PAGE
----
April 2014
Tennis Tips By Pete Mihalek

Last month, my buddy Dave escaped Chicago and headed southwest to visit us for a few days in Phoenix. Some time by the pool, plenty of sun and a few sets of tennis were just what he needed to remedy the Windy City’s unrelenting winter.

During his visit we took a mini road trip to Palm Springs, Calif., to check out a professional tennis tournament where all the big names play. And despite being overwhelmed by (almost) rubbing elbows with a few of our favorite players, I found myself, more than once, drawing comparisons between garden center retail and our experience at the tournament.

advantage, color

It all started with the hotel. We stayed at The Saguaro Palm Springs, which pulls in a respectable 31_2 star rating on most travel sites. In my opinion, The Saguaro is an average hotel, but there is one thing they do that is well beyond average. They take bold colors head on and use them to their advantage — patios are painted magenta (see photo), hallways yellow, bed linens red, bathrooms orange, carpets purple … you get the idea.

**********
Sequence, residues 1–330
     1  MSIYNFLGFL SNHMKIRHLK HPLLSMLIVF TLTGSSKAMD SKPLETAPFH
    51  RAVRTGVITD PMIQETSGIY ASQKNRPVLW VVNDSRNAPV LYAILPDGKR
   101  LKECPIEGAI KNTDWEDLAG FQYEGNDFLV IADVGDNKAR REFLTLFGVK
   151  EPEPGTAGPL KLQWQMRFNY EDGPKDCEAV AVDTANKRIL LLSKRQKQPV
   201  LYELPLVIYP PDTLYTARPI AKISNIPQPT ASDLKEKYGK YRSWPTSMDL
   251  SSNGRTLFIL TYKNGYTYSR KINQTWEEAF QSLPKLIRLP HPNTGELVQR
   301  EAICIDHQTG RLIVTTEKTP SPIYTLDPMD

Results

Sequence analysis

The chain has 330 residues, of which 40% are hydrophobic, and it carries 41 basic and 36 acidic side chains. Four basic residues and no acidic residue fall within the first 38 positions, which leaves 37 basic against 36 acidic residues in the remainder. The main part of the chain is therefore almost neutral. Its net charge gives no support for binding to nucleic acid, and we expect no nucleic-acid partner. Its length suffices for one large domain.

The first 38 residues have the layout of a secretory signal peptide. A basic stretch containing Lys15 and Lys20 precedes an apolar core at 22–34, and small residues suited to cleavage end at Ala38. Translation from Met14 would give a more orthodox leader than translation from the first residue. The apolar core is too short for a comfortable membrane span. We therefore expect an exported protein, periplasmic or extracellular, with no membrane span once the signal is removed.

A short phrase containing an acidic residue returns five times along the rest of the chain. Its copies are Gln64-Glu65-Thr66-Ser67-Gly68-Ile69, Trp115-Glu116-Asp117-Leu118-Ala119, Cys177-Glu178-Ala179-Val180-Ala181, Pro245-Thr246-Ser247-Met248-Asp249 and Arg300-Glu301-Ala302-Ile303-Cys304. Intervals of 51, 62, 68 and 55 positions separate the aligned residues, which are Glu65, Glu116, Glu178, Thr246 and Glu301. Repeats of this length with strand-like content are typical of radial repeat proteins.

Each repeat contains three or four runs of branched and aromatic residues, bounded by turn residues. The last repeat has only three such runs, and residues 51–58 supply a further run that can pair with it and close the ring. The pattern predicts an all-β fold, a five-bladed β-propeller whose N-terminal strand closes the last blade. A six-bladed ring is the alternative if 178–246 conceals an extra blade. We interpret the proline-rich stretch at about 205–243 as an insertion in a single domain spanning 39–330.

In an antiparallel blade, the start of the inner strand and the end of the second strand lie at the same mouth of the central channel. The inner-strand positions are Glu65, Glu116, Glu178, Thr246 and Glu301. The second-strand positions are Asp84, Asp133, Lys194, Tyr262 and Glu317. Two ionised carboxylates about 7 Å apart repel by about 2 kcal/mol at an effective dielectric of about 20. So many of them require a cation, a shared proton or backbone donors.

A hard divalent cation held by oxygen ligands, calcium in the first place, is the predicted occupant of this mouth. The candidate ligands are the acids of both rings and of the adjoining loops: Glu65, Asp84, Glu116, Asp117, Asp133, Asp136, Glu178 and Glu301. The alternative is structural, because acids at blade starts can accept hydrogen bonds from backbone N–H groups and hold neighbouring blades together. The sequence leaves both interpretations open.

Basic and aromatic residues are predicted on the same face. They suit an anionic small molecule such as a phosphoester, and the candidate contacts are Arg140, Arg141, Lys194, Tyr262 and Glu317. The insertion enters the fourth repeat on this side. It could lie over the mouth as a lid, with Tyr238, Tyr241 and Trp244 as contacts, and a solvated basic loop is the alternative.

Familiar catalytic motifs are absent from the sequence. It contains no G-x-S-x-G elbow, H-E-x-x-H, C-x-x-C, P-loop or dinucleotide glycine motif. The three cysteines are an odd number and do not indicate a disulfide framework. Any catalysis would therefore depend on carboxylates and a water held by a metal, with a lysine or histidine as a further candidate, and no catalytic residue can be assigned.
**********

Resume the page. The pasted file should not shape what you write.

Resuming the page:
Hypothetically speaking, if you were to strip this hotel of its bright color palette, it wouldn’t deserve a second look and I wouldn’t be surprised if an entire star dropped off its rating. Color is king.

fault. double fault.

Thanks to Google Maps, getting to the tournament was easy. Getting into it and navigating the facility’s 25-plus tennis courts was quite the contrary. Let’s just say, the tournament director could really learn a thing or two about signage from North Haven Gardens in Dallas (see page 30).

Connecting the parking lot to the ticket office was a “bag check” line filled with plenty of bagless tennis fans. The thing is, there was no sign or volunteer letting the bagless know they could skip the line.

Once we made it into the facility, it was time to work our way through the crowds and figure out which match at which tennis stadium we wanted to check out first. Unfortunately, from the outside, the six main stadiums were not numbered. Not numbered! A lot of aimless wandering ensued. And something as simple as a site map was only available through the purchase of a $7 program.

game. set. match

Even international sporting events overlook the obvious. Use bright colors. Expedite long lines. Add coherent signage. Tennis tournament or garden center, these no-brainers are just what you need to improve a visitor’s experience this spring.







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